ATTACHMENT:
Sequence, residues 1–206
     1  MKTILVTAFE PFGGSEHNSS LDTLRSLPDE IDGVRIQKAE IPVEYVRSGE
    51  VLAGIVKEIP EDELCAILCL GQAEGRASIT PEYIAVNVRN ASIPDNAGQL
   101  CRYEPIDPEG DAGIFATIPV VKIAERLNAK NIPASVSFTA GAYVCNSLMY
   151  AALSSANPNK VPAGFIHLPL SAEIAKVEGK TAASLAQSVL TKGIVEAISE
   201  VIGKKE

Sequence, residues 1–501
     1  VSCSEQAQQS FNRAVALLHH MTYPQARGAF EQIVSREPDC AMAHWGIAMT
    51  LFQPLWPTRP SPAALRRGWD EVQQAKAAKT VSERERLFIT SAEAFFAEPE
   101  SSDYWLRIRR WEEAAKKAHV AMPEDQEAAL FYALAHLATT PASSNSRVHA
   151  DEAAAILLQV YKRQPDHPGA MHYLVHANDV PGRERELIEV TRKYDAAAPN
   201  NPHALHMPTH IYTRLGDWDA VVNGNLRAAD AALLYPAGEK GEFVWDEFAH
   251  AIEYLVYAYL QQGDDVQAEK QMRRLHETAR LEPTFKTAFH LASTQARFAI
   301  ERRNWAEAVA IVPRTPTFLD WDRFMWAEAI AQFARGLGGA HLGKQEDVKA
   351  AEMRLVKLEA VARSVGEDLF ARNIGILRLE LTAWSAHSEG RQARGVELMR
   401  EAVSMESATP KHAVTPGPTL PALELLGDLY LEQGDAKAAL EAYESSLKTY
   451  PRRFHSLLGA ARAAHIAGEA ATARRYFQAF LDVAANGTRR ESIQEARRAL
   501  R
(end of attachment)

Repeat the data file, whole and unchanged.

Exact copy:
Sequence, residues 1–206
     1  MKTILVTAFE PFGGSEHNSS LDTLRSLPDE IDGVRIQKAE IPVEYVRSGE
    51  VLAGIVKEIP EDELCAILCL GQAEGRASIT PEYIAVNVRN ASIPDNAGQL
   101  CRYEPIDPEG DAGIFATIPV VKIAERLNAK NIPASVSFTA GAYVCNSLMY
   151  AALSSANPNK VPAGFIHLPL SAEIAKVEGK TAASLAQSVL TKGIVEAISE
   201  VIGKKE

Sequence, residues 1–501
     1  VSCSEQAQQS FNRAVALLHH MTYPQARGAF EQIVSREPDC AMAHWGIAMT
    51  LFQPLWPTRP SPAALRRGWD EVQQAKAAKT VSERERLFIT SAEAFFAEPE
   101  SSDYWLRIRR WEEAAKKAHV AMPEDQEAAL FYALAHLATT PASSNSRVHA
   151  DEAAAILLQV YKRQPDHPGA MHYLVHANDV PGRERELIEV TRKYDAAAPN
   201  NPHALHMPTH IYTRLGDWDA VVNGNLRAAD AALLYPAGEK GEFVWDEFAH
   251  AIEYLVYAYL QQGDDVQAEK QMRRLHETAR LEPTFKTAFH LASTQARFAI
   301  ERRNWAEAVA IVPRTPTFLD WDRFMWAEAI AQFARGLGGA HLGKQEDVKA
   351  AEMRLVKLEA VARSVGEDLF ARNIGILRLE LTAWSAHSEG RQARGVELMR
   401  EAVSMESATP KHAVTPGPTL PALELLGDLY LEQGDAKAAL EAYESSLKTY
   451  PRRFHSLLGA ARAAHIAGEA ATARRYFQAF LDVAANGTRR ESIQEARRAL
   501  R